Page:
With Title 42 set to expire at midnight on May 12, El Paso is preparing for thousands of illegal aliens to surge across the southern border.
Title 42 is a public health order that allows customs officials to send illegal aliens from “COVID-19 impacted” areas back across the border without processing them through the federal court system.
El Paso Mayor Oscar Leeser declared a city-wide state of emergency effective for seven days starting May 1. After seven days, the El Paso City Council will vote on extending the declaration for 30 days.
Leeser said he issued the declaration in anticipation of Title 42’s expiration.
According to the El Paso Times, “unconfirmed estimates” previously reported that up to 35,000 illegal aliens in Juárez, Mexico, were prepared to enter the U.S. after Title 42’s expiration. However, after assessing the situation in Juárez, Leeser reported that anywhere from 10,000 to 12,000 illegal aliens were waiting on the Mexico side of the border.
“They have come in, really, with a false pretense that there will be open borders starting on May 11, and anyone that’s already in the United States will no longer be required to have proper documentation, and that is an untrue statement,” said Leeser.
Leeser said illegal aliens should not expect the U.S. to open its border after Title 42 ends.
“The borders are not open today and they will not be open on May 12,” said Leeser.
The emergency declaration allows El Paso to receive assistance from the federal government and open temporary emergency shelters—including two vacant middle schools—for housing illegal aliens.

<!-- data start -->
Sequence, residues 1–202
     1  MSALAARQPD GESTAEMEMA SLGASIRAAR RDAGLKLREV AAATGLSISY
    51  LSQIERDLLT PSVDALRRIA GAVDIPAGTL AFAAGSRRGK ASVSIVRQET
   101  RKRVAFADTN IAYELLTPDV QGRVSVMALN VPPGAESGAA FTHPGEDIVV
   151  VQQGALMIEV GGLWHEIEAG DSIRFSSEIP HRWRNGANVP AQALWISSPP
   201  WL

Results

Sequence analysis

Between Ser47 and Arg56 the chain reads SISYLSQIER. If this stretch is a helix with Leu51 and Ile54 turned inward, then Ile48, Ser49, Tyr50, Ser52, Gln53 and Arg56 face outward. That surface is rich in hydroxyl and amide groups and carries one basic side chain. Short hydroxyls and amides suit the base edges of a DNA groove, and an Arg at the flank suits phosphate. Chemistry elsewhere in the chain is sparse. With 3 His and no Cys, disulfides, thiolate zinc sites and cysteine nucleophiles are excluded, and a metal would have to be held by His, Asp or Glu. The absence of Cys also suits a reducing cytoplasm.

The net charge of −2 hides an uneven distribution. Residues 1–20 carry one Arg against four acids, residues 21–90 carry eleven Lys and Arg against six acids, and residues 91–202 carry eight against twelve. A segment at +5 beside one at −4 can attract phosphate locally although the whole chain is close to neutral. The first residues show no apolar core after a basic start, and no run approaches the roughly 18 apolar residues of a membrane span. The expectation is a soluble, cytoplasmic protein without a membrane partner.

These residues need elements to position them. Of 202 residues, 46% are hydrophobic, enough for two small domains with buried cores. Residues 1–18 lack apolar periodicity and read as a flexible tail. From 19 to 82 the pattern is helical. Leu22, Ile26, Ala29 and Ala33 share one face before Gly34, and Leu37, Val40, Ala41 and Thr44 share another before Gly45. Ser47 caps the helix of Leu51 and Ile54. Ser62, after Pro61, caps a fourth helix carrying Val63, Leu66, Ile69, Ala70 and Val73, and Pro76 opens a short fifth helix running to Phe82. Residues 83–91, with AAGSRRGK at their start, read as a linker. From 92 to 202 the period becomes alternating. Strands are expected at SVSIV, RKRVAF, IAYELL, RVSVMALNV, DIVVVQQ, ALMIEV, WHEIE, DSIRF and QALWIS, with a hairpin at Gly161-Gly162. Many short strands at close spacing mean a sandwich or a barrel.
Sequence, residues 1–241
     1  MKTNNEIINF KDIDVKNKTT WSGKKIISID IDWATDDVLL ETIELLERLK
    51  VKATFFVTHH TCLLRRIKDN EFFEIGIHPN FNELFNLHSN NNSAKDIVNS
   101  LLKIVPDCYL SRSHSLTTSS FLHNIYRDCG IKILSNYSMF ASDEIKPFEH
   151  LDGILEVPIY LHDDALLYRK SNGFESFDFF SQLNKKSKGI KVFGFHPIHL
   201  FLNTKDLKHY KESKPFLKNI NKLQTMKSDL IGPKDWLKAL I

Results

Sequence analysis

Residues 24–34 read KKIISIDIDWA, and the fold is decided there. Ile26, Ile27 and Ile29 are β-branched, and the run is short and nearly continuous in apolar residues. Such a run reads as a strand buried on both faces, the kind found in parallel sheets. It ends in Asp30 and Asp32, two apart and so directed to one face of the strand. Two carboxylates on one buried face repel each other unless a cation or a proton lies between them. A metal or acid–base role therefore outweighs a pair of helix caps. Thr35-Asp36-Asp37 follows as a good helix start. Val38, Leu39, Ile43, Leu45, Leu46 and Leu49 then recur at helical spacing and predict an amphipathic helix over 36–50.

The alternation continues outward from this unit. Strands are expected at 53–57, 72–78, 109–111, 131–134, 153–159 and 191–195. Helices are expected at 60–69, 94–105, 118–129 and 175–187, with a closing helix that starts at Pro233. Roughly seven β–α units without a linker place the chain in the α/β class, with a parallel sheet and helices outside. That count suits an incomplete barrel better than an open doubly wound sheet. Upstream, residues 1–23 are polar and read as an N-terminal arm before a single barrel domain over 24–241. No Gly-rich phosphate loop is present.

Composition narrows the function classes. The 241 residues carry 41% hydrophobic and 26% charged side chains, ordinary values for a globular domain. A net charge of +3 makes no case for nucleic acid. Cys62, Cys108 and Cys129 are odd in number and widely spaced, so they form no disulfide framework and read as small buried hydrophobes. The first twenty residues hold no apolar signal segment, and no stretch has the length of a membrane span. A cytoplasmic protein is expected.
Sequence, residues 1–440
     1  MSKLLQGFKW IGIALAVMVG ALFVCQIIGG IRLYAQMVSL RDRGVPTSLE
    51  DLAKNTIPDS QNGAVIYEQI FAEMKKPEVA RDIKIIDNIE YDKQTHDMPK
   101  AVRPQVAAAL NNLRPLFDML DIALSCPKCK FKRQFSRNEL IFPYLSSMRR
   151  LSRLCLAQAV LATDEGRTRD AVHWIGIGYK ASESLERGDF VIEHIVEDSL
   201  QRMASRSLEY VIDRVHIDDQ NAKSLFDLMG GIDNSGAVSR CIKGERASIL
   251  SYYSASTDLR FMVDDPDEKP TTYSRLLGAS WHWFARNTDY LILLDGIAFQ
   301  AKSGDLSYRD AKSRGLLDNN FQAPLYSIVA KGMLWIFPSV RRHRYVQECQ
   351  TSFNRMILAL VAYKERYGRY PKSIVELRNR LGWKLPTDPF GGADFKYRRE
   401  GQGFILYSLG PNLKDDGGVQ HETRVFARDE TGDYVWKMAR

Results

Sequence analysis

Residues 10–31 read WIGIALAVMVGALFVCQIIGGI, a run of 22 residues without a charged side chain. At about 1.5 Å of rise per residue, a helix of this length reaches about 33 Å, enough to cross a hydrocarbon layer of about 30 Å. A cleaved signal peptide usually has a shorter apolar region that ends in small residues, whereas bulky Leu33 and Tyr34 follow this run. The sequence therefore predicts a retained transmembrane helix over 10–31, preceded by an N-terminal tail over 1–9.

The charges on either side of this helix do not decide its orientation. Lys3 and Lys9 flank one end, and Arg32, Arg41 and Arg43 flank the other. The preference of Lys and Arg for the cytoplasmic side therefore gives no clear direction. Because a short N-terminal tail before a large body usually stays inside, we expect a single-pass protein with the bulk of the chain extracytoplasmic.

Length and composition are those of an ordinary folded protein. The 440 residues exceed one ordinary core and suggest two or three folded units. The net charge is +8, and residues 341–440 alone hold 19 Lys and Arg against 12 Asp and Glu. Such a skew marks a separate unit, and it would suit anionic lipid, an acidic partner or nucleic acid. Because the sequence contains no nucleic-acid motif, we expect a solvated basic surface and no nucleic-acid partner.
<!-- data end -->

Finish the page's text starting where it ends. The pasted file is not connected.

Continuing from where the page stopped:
Under the order, illegal aliens will not be allowed to camp along city streets and will instead be directed to official shelters. City officials will also actively clean up illegal border-crosser campsites to ensure that El Paso remains a safe environment for citizens.
El Paso Deputy City Manager Mario D’Agostino asked citizens to drop off donations at designated sites instead of delivering supplies directly to illegal aliens to prevent large street gatherings.
Leeser reported that El Paso’s emergency dispatches received five calls over the weekend involving drug use and the exploitation of women at illegal alien campsites.
Despite illegal aliens’ disproportionate association with criminal activity, D’Agostino said El Paso’s law enforcement will not enforce immigration law or detain illegal aliens.
“That is a federal government issue,” stated D’Agostino. “And so that’s left up to Border Patrol and ICE.”
As El Paso prepares for a potential flood of illegal aliens, Leeser called on the federal government to take control of the open-border crisis and help U.S. cities struggling with limited resources.
“The federal process right now is broken, and it has not been fixed for many, many years,” said Leeser. “And at the end of the day, as a community, we cannot continue to do this with the same laws that the federal government has provided us to work with.”